So hard work for about a month gave me a sound night sleep I treasure for over a year now. And he now sleeps min 10h, on good nights 11-12h. And I thought I could never have the text book baby/child sleeping for that long in one stretch.

PS Sorry for the typos...had rough night sleep due to DH snoring, I suppose you train the kids but something else pops up so one never wins smile

mrshess Wed 15-Jun-11 13:49:57

Thank you for all the suggestions : )
chocjunkie what is a osteopath?
chundle we have ben told about weighted blankets can you reccommed one as they are expensive and id hate to buy the wrong one
blueshark we have tried the gradual retreat which does work to get him to sleep but im unsure what to do when he wakes in the night do i just sit in the room again?

chocjunkie Wed 15-Jun-11 14:08:42

can't really explain it myself. we used an cranial osteopath. have a look here - it explains it a bit more.

we had 3 sessions and a session was £40. not cheap but not that expensive either and for us if was money well spent.


ohmeohmy Wed 15-Jun-11 14:17:50

finding that bath with epsom salts is helping ds sleep better

mrshess Wed 15-Jun-11 14:25:38

what do people think about me letting son watch a dvd if he wakes up as he can work a portable dvd player himself as long as he is quiet?
Am i setting myself up for a fall, im worried he will become obsessive with it at bedtime and expect every night and wake up to watch.

smileANDwave2000 Wed 15-Jun-11 16:31:21

you dont mention all the things youve tried so sorry if im saying things youve already done,
a weighted blanket as soft as poss but it can just be an extra winter duvet on top as thats lovely and soft too and cheaper
my ds likes a extra sheet over his head as he doesnt like seeing out but a blanket makes him sweat
he also gets uncomfortable if hes hot so a fan and no pj top
he has a dimmer switch as he used to like the light on so we had to gradually decrease it he didnt like a nightlight as not bright enough
some people buy blackout blinds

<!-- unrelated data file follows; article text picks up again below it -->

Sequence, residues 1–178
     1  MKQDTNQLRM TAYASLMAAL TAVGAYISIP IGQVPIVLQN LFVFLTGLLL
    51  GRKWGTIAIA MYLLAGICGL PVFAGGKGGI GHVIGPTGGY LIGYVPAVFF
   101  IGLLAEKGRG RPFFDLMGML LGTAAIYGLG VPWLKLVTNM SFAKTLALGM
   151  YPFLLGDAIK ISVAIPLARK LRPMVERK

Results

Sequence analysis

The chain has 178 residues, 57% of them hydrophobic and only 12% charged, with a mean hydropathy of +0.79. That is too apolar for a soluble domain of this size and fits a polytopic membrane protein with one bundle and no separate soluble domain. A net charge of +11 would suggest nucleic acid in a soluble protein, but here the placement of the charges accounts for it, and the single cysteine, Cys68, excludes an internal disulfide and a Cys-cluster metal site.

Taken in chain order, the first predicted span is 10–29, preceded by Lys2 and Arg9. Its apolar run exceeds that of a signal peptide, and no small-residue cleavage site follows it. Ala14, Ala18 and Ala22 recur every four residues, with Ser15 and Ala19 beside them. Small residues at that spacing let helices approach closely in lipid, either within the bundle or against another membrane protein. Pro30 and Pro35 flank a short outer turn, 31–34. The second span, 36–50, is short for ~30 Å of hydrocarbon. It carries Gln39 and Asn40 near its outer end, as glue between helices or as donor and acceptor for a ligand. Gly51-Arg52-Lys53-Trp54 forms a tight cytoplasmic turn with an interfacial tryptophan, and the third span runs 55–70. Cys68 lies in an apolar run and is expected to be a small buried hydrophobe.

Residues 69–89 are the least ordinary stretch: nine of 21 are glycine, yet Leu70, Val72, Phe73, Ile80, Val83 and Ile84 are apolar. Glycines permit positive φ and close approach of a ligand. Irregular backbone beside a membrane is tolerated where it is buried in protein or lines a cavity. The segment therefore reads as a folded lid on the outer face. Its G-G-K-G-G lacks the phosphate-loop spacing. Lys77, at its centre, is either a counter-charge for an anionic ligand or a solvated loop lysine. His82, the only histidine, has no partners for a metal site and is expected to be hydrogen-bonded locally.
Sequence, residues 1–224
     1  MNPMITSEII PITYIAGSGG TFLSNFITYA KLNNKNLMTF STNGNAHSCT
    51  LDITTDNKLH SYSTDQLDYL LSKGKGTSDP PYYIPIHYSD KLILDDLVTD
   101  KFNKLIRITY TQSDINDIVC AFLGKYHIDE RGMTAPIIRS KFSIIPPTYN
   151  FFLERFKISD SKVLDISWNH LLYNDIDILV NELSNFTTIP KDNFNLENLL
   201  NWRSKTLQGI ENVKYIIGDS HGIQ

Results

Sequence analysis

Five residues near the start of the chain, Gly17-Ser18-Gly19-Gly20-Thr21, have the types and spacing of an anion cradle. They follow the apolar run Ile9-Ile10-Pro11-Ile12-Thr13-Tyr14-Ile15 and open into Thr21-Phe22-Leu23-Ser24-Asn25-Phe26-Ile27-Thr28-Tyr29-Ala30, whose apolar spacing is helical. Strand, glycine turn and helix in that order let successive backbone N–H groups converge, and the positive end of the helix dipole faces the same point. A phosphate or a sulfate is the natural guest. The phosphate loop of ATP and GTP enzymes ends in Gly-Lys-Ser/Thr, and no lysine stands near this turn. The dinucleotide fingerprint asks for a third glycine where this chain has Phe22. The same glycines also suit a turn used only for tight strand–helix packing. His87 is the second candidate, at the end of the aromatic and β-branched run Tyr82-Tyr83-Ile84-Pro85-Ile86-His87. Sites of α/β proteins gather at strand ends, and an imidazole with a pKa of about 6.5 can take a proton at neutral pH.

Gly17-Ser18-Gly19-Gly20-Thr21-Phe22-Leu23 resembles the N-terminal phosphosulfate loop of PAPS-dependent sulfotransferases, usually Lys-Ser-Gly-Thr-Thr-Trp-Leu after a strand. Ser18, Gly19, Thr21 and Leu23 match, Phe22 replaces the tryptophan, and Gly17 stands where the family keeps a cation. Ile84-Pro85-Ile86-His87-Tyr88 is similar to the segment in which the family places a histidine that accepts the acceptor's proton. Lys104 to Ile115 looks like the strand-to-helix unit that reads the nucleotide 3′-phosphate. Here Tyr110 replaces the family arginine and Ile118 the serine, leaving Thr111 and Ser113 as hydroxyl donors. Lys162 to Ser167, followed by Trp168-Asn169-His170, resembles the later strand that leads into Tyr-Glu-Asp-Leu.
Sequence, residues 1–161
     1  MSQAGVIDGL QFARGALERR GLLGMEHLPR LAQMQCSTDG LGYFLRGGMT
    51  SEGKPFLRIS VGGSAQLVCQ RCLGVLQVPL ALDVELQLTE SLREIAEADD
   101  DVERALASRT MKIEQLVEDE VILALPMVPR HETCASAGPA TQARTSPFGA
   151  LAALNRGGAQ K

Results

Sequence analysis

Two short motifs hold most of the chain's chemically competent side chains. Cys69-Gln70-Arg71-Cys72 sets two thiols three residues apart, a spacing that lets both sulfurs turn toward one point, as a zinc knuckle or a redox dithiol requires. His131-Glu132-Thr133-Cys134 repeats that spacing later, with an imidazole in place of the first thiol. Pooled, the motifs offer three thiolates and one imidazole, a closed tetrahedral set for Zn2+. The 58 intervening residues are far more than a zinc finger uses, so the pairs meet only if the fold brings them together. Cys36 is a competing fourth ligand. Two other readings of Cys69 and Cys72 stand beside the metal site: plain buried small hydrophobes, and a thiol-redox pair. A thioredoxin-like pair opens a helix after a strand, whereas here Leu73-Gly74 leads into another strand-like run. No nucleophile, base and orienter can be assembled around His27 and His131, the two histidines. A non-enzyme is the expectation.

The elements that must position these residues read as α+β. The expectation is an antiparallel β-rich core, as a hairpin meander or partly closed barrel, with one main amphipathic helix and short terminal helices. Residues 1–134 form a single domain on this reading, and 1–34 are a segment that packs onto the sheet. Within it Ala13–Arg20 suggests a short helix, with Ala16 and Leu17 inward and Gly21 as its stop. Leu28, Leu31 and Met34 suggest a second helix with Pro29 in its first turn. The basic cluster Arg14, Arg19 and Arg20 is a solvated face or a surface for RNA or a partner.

a soft cuddly toy or a top of mummies as my dh likes this cos it smeels like mums still there
not too much juice before bed
a bedtime routine of book cuddle light out
important to note there are two types of melatonin one that helps dcs get to sleep and a slow release supposed to be more effective at keeping dcs asleep so may be worth asking about

IndigoBell Wed 15-Jun-11 16:36:07

I can 2nd Epsom Bath Salts and Cranial Osteopath......

LeninGrad Wed 15-Jun-11 16:49:07

Message withdrawn at poster's request.

blueShark Wed 15-Jun-11 21:32:51

mrshess - sorry forgot to add that bit - when he wakes up during the night you do the same step and chair is at the same spot as when he fell asleep.

bdaonion Wed 15-Jun-11 23:46:42

I'm another one who has had success with the Epsom Salts. Helps DD to fall asleep quicker and seems to keep her asleep instead of wandering through to us in the middle of the night.

Sleep deprivation is the worst so I hope you can find a solution that works for you soon.

Chundle Thu 16-Jun-11 08:41:27

Hi we borrowed one from our OT it goes by the weight of your child. As my dd is only young we lay ankle and wrist weights over her as well (the ones you get in sports shops) perhaps you could try these as a cheap alternative to see if they work first put them on him at night and see if it has an effect. There are also websites for making your own weighted blankets and I know eBay sometimes has cheap secondhand ones.
Or what about funding through a charity (family fund?) for one? Good luck

swanriver Thu 16-Jun-11 11:31:59

Could some of his challenging behaviour be because he is so tired?
If you read Ferber's book on How To Solve Your Child's Sleep Problems, he mentions that in night terrors child appears to be awake but it is best not to comfort them, because that wakes them up when they are still to all intents and purpose, asleep (although shouting and screaming)
Could you change the whole bedtime routine so that you go to sleep with him in your bed (safe place), read bedtime story, and are there all night, so he knows nothing can happen. Just get him used to staying in one place, and not wandering round house. When he's got into better sleep habits, you might be able to transfer him back to his own room.